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No Clever Title – Sad Afternoon :(

It’s been a serious minute since I’ve blogged; did I really only blog once in June?!?!

Part of the reason why I haven’t been around is because I was researching and preparing for presenting my research at the AIS (Association for Israel Studies) Conference, which I’ll probably recap in a post soon. This was my first conference, and it was on the campus of the University of California-Berkeley. I spent a whopping 12 days in the Bay Area, mostly due to getting a cheap flight on American Airlines, which included 4 days in San Francisco where I met up with Ciara and did quite a lot of uphill walking by my lonesome; 4 days in Berkeley where I finally saw the university’s campus for the first time, spoke and moderated a panel, and made a ton of new friends from around the world; and then 4 days on an island hotel in Burlingame where I attempted to have a work-ation, and was somewhat successful, but mostly ended up entertaining myself in Burlingame, San Mateo, and Palo Alto, where I paid a visit to Stanford University. I got back at about midnight last night.

Now back to today.

I guess everything happens for a reason. This afternoon, I went grocery shopping at the Pick ‘n Save on the West Side, a different Pick ‘n Save than the ones where I usually shop, either the one in Middleton or the one on University Avenue. I was feeling annoyed at having so many heavy groceries and at a mom in the store who couldn’t get her kids to stop crying for the entire 15 minutes I was inside. I had just responded to a text from a friend and was about to close the car door on my groceries, when I heard a giant BOOM.

At first I didn’t know what it was, because it didn’t quite sound like the impact of two cars crashing, but it didn’t sound normal, either. I turned around to face the street, and saw what looked like a brown lump in the middle of the road. I walked toward it, thinking it might be a dead animal…but it was actually two lumps, a large chocolate lab and a small terrier, lying on their sides in the road.

They were still alive and breathing, but they’d clearly just been hit by a car.

All of a sudden about eight other people descended on that spot in the road. For some reason, as people drew near, I decided to stand in the middle of the street and direct traffic as other people tended to the dogs, both of whom were wet and bleeding in the middle of the road. Quickly, two people (an older man in a blue shirt, and an Asian woman in a blue dress) carried them gently out of the street and laid them on the grass across the road from the supermarket. A young couple who were nearby with their own dog went to their car and brought out towels and water bottles, which, being dog owners, they fortunately had in their car. The Asian husband/boyfriend of the Asian woman took pictures and videos on his phone, while his wife/girlfriend held the smaller dog (the terrier) down. He was able to walk and was very jumpy, but was also wet and bleeding from his mouth. The man in the blue shirt was holding the larger dog, the chocolate lab, who was still very much breathing, but extremely bloody, with her front legs trembling. We looked at their collars, and upon learning that their names were Kassi and Oliver and they had the same phone number on them, we surmised they had the same owner. I was holding my phone, so I was the one who called the number and deliver the bad news. The phone rang three times, and just before rolling over to voicemail, a man picked up, and the conversation went like this:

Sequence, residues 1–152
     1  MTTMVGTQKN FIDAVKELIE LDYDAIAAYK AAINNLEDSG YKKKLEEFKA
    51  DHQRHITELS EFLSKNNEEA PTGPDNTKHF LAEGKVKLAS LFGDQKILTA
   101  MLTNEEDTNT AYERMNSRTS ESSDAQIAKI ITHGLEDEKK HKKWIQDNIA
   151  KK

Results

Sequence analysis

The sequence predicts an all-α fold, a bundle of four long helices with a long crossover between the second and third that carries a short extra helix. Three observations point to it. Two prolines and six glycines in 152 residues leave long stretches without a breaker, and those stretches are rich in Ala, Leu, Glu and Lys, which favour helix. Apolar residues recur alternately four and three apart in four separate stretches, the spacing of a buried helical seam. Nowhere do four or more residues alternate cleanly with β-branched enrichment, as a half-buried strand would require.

ME: Hi, are you the owner of a dog named Kassi?

HIM: Yes, that’s my dog…

ME: My name is Jacob. I’m here with her, and she’s been hit by a car. She’s alive but badly hurt. Are you also the owner of a dog named Oliver?